Stick to it!
As our society steers ever deeper into the climate catastrophe, a few young people are really getting on our nerves. They force us to stop and ask: When are we going to do enough?
A guest article in Der Spiegel by the Peng! collective
It’s these moments that you look back on later and when everyone says: It was clear that this was going to happen. The scientific findings, the multiple crises, the protests: Of course, there had to be a major rethink. In retrospect, every major social upheaval is “quite logical”, be it the German turnaround or the Arab Spring. But even there, for a long time, there were only a few who believed in it and actively worked on it.
It is the same now. It is clear to many that we are steering aground. But they are busy in everyday life, there is hardly any time, they look away. Because calm, courage and strength are missing, they rest, click Amazon, click vacation flight. You know that won’t be enough. If you don’t feel caught, throw the first lithium battery.
But the wind is turning slowly. There are more and more who understand the early adopters of the last generation. At parties, in comments, the applause gets louder. In the live stream of their flight blockade, we heard the security guard say “I have two children myself, but what should I do?” The knowledge is there, the strategies are not.
But then there are those who want to have everyone locked up. They howl, they swear, they moan. There are entrepreneurial solutions, says the economy. We can maintain the status quo, says the politicians. It’s ridiculous, says pride.
It is what it is they might say when their own child sticks to the BMW massage seat.
They refuse to be hugged.
What the last generation uprising is doing right now is awesome. The more they disturb, the more we feel caught. The first reaction was defense so that we could keep pushing away. And with every action, the indignation grew. Now they are there. Mashed potatoes. car in traffic jam. Light on. Music off. We have to talk: the actions force us to react.
Their interventions cannot be contained and ignored with a pat on the back. They cannot be hugged and pushed aside. They rub the seriousness of the situation into our heads until we understand it. The last generation doesn’t want to be loved, they want to shake and shake us until there’s no other choice but to face reality.
They melt their bodies into the cobblestones instead of throwing them at us. They refer to the constitution and the state of research instead of breaking with the system. So they use the full force of the rule of law and science, contrary to the ideology of politics. And in the end they force us to empathize: we have to bend down to look for solvents. Stop no matter what we are doing.
They won’t stop no matter how bad the slanders, no matter how severe the penalties. They force us to ask: what exactly are you doing to stop these ever-increasing emissions?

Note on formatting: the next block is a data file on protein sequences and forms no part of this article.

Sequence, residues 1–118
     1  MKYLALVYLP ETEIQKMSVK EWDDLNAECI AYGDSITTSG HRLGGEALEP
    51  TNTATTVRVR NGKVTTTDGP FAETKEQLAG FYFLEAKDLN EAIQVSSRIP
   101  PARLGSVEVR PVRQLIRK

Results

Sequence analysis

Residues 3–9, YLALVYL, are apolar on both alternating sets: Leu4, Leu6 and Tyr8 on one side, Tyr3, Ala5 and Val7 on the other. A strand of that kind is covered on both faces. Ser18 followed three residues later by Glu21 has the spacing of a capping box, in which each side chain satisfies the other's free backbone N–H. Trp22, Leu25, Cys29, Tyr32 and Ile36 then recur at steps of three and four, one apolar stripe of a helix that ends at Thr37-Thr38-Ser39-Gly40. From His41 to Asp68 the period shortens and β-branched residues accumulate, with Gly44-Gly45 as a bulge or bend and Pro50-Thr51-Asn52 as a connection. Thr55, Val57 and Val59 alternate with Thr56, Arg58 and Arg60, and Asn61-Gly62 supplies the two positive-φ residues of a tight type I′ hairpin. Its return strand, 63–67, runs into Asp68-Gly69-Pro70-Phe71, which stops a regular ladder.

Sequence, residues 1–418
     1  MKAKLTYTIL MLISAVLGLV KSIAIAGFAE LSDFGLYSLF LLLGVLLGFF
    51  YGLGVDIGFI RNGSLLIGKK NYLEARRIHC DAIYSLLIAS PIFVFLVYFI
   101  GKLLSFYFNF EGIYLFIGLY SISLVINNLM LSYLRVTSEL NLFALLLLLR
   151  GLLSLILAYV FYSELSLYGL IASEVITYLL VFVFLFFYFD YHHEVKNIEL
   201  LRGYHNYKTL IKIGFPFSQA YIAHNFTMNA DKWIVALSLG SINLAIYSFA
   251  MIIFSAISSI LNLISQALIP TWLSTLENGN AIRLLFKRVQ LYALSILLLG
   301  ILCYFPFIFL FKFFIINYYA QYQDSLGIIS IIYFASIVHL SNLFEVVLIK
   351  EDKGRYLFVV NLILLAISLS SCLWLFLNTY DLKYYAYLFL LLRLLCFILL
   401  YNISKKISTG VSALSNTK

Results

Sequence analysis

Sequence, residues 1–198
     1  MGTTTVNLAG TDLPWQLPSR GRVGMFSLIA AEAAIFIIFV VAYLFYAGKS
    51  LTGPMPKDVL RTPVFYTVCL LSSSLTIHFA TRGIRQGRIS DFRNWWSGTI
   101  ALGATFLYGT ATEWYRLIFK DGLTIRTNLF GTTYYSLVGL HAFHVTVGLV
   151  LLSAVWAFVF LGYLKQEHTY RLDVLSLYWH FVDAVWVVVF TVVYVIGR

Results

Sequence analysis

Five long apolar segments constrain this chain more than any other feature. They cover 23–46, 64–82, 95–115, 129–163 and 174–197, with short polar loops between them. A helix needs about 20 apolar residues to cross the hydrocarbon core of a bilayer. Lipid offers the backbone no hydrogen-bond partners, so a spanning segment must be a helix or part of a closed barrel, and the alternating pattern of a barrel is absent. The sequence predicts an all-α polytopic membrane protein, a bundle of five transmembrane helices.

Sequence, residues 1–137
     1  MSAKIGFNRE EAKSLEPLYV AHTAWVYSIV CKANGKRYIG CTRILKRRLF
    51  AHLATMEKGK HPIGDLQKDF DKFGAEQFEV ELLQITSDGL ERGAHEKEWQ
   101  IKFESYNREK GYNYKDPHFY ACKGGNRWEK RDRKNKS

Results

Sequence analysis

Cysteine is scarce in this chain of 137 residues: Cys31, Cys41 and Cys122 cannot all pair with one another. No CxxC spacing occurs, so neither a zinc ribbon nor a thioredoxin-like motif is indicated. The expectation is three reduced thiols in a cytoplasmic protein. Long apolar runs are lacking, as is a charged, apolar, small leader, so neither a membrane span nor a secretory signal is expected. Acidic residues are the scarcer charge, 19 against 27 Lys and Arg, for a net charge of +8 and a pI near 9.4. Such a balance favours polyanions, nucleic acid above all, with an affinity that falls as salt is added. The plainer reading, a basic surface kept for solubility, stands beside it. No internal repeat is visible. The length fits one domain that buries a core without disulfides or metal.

Until the clerk in the ministry of finance wonders one day whether they have the internal secret papers, the unfair agreements with the fossil economy sent to 30 editorial offices.
You give meaning to your life.
A bit of glue, a bit of paint in a fire extinguisher, maybe at some point a bit of bungee jumping in the Bundestag plenary hall, that gives our world meaning again. It gives meaning, is fun and is a guaranteed adventure. The Uprising has one of the coolest answers to offer when it’s 20 years from now: Where were YOU when we saved civilization from collapsing?
I was at Mercedes and have overnight blown the fuses. I pressed the fire alarm in the Springer publishing house. I was chancellor even climate chancellor and called the emergency.
That’s what makes their actions so beautiful. They show what it means to be incorruptible, without a double bottom. They are completely at the mercy of law enforcement and public hatred. This is in stark contrast to the procrastination in professional politics, which is shaped by lobbying and maintaining power. Performatively, it is the embodiment of the governed subjects: as if the citizens were desperately looking for Kafka, with his own message, for the emperor who had dissolved himself in the architecture of power.
They force us to face reality.
They are not elitist, everyone can take part. Anytime, anywhere. It’s so funny how they drive authoritarian characters crazy – Friedrich Merz, Alexander Dobrindt, Omid Nouripour or Nancy Faeser. Like everyone in the philharmonic hall, when they want to hear their beloved Beethoven, but someone is glued to the music stand again, they all yell “ooh nooooo”. You can’t hug the last generation like a colorful student demonstration. You can’t thank them for their commitment and then just move on.
You can stick to the desk in the Bundestag.
The Last Generation is forcing us to bring out our repressed fantasy of a disturbing future. She bites our hand, which is clutching the steering wheel of a »Keep it up«. They are demanding structural change, but also small things that a majority has already called for, such as a 9-euro ticket and a speed limit. Democratic triple steps. And again everyone who says it would be enough feels caught.
The Last Generation’s question is both metaphorical and concrete: if you don’t stick, what do you do? What are you doing to make us do enough?
Photo by Lina Eichler, (CC BY 2.0 License)